SSH tunnelling

SSH tunnelling

Quick reference guide to use when you need to use OpenSSH’s various tunnelling features.

I initially wrote this as a draft for myself because I would often forget what each parameter does, and what the correct syntax is, so I’m releasing this post in the hope that others find it helpful.

Basic options

The following options can be used with any of the three tunnel types below this section.

  • -N tells SSH to not execute any command, this option is necessary if the remote host has shell access disabled, as trying to spawn a shell would kick you out immediately
  • -q suppresses most warning and diagnostic messages
  • -f sets the SSH session up for background execution
  • -p sets the SSH port, by default it’s 22, but if it’s a different port number, you must specify it here

Local forwarding

Exposes a port from the server to the client. For example, if your client is on a VPN and you want to give other machines in your LAN access to a port on the server that’s not accessible via the Internet.

ssh -L ABC:hostname:XYZ user@server

This will make the client on port ABC listen for connections and, once it receives one, forward them to hostname on port XYZ.

For the above example, you can run the following command:

ssh -L 8080: user@server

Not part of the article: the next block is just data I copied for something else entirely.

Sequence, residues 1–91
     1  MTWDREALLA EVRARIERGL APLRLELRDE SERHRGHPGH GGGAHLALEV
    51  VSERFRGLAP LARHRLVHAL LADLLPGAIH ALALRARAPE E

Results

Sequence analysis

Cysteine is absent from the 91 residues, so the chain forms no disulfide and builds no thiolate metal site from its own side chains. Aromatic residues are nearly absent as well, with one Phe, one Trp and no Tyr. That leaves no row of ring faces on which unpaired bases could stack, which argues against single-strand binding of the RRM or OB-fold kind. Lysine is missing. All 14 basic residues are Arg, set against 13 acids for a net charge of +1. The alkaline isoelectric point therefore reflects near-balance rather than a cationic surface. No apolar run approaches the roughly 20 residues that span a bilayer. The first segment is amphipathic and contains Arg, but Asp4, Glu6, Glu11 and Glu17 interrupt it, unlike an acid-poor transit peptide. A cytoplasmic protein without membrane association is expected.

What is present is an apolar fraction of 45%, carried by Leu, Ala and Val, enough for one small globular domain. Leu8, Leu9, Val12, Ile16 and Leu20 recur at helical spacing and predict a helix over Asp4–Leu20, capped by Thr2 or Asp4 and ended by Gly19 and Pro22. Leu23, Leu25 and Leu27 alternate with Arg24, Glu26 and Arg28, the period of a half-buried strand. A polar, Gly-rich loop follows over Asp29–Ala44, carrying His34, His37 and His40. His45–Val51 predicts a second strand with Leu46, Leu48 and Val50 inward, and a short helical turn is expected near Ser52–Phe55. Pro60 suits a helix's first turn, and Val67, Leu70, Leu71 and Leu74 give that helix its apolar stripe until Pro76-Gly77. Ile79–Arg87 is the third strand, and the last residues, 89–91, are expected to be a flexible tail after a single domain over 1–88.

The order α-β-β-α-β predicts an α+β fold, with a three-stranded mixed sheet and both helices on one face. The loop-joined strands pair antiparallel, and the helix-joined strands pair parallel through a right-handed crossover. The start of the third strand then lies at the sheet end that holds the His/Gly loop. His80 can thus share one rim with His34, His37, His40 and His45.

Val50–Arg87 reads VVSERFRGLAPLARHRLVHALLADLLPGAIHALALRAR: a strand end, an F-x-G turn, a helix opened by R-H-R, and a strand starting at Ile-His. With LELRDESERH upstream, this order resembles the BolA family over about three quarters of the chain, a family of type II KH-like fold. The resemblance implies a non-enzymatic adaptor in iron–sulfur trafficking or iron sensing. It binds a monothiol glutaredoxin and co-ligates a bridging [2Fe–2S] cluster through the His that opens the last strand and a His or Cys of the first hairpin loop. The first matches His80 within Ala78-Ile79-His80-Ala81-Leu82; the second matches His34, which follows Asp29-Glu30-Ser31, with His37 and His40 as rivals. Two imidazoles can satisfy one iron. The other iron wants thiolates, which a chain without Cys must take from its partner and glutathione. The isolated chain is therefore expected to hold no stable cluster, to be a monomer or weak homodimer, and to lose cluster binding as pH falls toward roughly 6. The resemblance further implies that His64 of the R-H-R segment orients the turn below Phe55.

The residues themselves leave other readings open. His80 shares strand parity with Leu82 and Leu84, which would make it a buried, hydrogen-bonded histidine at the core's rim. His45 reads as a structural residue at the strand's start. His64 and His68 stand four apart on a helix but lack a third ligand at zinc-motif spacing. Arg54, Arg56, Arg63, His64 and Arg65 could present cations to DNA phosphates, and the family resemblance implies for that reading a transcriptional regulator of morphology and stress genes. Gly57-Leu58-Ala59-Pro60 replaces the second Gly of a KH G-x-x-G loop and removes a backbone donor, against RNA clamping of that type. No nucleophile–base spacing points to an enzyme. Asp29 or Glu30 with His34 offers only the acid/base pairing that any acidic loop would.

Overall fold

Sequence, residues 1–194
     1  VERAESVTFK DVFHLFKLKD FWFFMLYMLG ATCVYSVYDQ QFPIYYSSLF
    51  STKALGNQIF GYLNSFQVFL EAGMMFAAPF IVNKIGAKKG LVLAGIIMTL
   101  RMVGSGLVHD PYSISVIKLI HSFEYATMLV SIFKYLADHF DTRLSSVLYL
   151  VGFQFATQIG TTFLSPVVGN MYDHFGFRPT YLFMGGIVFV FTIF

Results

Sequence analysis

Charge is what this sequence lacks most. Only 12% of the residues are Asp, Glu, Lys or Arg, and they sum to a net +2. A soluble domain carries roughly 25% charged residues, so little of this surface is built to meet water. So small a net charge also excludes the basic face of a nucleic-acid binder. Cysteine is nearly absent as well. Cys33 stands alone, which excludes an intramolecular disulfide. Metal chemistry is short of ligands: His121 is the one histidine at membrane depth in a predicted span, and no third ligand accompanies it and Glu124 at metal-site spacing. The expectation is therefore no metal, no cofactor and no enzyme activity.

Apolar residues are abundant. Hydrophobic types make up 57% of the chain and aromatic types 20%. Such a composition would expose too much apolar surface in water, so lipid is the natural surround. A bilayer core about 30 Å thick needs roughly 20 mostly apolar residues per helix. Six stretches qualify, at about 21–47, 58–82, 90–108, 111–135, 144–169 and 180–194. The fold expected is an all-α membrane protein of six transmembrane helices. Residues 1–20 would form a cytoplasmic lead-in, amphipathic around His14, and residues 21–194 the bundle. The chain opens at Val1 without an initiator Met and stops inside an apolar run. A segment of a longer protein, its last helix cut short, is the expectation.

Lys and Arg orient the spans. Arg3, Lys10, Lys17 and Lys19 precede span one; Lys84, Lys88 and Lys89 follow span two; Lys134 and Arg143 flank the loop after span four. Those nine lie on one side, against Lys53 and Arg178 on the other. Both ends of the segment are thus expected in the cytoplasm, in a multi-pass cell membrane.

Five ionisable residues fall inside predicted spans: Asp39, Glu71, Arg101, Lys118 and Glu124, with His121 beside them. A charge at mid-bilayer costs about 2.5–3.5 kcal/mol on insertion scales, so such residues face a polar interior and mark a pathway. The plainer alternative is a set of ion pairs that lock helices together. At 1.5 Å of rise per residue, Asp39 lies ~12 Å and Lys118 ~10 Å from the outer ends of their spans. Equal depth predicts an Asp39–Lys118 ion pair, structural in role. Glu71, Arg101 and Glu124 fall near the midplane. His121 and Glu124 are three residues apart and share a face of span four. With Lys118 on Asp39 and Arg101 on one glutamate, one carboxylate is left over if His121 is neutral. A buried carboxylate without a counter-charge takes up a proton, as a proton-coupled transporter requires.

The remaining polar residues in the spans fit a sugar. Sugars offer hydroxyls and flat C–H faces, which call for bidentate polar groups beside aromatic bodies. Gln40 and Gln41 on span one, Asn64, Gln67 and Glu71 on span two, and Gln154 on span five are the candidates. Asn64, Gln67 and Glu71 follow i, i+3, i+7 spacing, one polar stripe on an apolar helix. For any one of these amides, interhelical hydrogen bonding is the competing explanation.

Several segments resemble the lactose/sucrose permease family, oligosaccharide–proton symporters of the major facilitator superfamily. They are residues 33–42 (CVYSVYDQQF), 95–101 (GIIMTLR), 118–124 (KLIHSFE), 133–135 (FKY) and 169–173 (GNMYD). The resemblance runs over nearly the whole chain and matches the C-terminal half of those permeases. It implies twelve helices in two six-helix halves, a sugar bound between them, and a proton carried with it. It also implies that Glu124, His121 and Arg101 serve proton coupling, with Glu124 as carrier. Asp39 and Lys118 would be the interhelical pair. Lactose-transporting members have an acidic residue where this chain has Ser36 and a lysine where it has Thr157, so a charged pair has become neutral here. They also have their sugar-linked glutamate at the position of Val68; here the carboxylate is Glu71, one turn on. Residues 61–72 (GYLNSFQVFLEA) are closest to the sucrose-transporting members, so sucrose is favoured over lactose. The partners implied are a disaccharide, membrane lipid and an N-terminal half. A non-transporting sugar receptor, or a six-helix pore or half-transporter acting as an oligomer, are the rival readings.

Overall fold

This will make the SSH client listen on port 8080 and forward any incoming requests to the machine with the IP (from the perspective of the server) over port 443.

Now, you can open a browser in your local machine and type https://localhost:8080 and you will connect to as seen from the SSH server.

Remote forwarding

Exposes a port from the client to the server. For example, you can run a web server on your client, then, expose it to the remote server so that friends and co-workers can connect to it even if you’re behind a restrictive NAT.

ssh -R ABC:hostname:XYZ user@server

The above command will map port ABC on the specified hostname to the port XYZ on the client.

For the example given above, you can expose a web server running on the client on port 80 in the following manner:

ssh -R 8080:localhost:80 user@server

After running this command, you can now connect to port 8080 on server and the SSH server will connect back to the client on port 80 where the web server is running

Dynamic (SOCKS) forwarding

This allows you to use SOCKS-aware applications behind your SSH server. This is generally used for masking your browser IP behind the SSH server’s IP, potentially bypassing content filtering firewalls or increasing your anonymity to website owners.

ssh -D XYZ user@server

Where XYZ is the localhost port you can connect your application (for example, web browser). Once you are connected to the SSH server, you must configure your applications to use the proxy settings for the SOCKS protocol with the IP address or localhost and the port XYZ you have specified.